Just keep in mind that CrossFit (and all good training) should be built around functional movements so you want to avoid things like crunches, bicep curls, or calf raises. Stick to compound exercises that place a higher demand on your entire body.
Step 2: Get Creative and List Even More Exercises.
You thought doing pull ups in a stairwell or chair dips was creative?
Not even close. Now it’s time to really think outside the box.
A nearby bench or wall can be used for box jumps and step ups.
A hill or bridge can be used for incline sprints.
Buckets can be filled with water for farmers’ walks.
Water jugs can be used in place of dumbbells.
A wall can be used for handstand push ups or wall climbs.
Sand bags can be used for cleans or taken along on runs.
Nothing is off-limits.
The “equipment” that you use will most likely be things that you would find in a Home Depot rather than a Sports Authority.
If there is an object in your house that’s heavy and awkward, chances are you could add it to your workouts. Just stay away from expensive electronics. (There’s not an app for that….yet, at least.)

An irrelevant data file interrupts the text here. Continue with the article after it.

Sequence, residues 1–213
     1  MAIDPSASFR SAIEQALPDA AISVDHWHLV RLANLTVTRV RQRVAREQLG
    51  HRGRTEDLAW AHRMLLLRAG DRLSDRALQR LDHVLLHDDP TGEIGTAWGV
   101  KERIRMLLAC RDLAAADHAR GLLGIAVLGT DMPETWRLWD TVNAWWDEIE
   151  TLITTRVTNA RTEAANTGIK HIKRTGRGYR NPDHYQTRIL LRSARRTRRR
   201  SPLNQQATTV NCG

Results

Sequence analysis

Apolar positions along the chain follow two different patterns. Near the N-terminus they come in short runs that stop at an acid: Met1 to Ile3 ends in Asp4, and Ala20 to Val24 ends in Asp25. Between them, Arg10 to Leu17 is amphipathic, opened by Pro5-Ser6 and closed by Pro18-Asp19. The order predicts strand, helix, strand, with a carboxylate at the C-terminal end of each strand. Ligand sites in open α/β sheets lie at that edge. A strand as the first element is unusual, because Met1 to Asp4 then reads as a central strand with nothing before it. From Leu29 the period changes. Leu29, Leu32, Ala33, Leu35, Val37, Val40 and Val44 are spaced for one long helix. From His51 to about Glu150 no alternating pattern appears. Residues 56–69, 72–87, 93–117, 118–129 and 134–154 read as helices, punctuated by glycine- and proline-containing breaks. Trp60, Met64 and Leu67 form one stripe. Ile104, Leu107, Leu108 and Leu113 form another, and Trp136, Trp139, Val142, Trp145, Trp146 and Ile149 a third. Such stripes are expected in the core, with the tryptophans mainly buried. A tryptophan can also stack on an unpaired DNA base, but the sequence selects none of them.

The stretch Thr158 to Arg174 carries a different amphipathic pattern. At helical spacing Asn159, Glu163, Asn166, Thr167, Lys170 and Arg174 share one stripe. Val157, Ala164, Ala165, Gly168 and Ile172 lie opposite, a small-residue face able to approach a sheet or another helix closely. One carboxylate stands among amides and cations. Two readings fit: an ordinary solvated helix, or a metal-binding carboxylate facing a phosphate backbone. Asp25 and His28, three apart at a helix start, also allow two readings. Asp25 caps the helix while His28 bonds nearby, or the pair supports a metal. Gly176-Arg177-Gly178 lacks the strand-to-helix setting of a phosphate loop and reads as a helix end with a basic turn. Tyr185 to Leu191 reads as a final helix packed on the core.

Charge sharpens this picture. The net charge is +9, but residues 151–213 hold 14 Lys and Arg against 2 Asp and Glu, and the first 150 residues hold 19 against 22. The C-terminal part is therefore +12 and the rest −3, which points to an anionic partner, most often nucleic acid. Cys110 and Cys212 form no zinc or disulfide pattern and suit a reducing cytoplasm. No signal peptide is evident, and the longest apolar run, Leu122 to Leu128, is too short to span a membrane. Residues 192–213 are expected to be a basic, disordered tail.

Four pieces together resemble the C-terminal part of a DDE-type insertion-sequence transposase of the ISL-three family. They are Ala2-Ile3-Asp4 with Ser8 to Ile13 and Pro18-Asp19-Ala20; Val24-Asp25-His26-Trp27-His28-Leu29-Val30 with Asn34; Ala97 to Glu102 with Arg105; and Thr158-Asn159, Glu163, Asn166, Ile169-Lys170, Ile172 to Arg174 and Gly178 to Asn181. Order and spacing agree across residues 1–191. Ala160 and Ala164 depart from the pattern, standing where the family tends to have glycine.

Step 3: Fill the Bingo Hopper.
It is time to take the lists of exercises that you created in Steps 1 and 2 and load them into the bingo hopper.
What is the bingo hopper?
It’s a model CrossFit uses for creating workouts with as much variety and intensity as possible. Just as your traditional bingo hopper selects bingo numbers at random, you should select and combine exercises at random when designing your workouts.
It is this variety that CrossFit says will provide your body with a unique and powerful stimulus at every workout. A stimulus that forces your body to adapt and get stronger consistently over long periods of time.
CrossFit is built around the preparation for the unknown and unknowable and the bingo hopper is the perfect representation of this viewpoint. Now that the hopper is loaded and ready to go, let’s see how this equates to actual workouts.
Step 4: Create Benchmark Workouts.
There’s no reason to reinvent the wheel if you don’t have to, so I would start by browsing the list of CrossFit benchmark workouts, and seeing which ones you can do with the equipment you already have. Benchmark Girls like “Angie” and “Cindy” come to mind right away, since they require little more than your own body weight to perform.
From there, you can take other benchmark workouts and alter them to include the exercises that you can execute at home. Here are a few examples: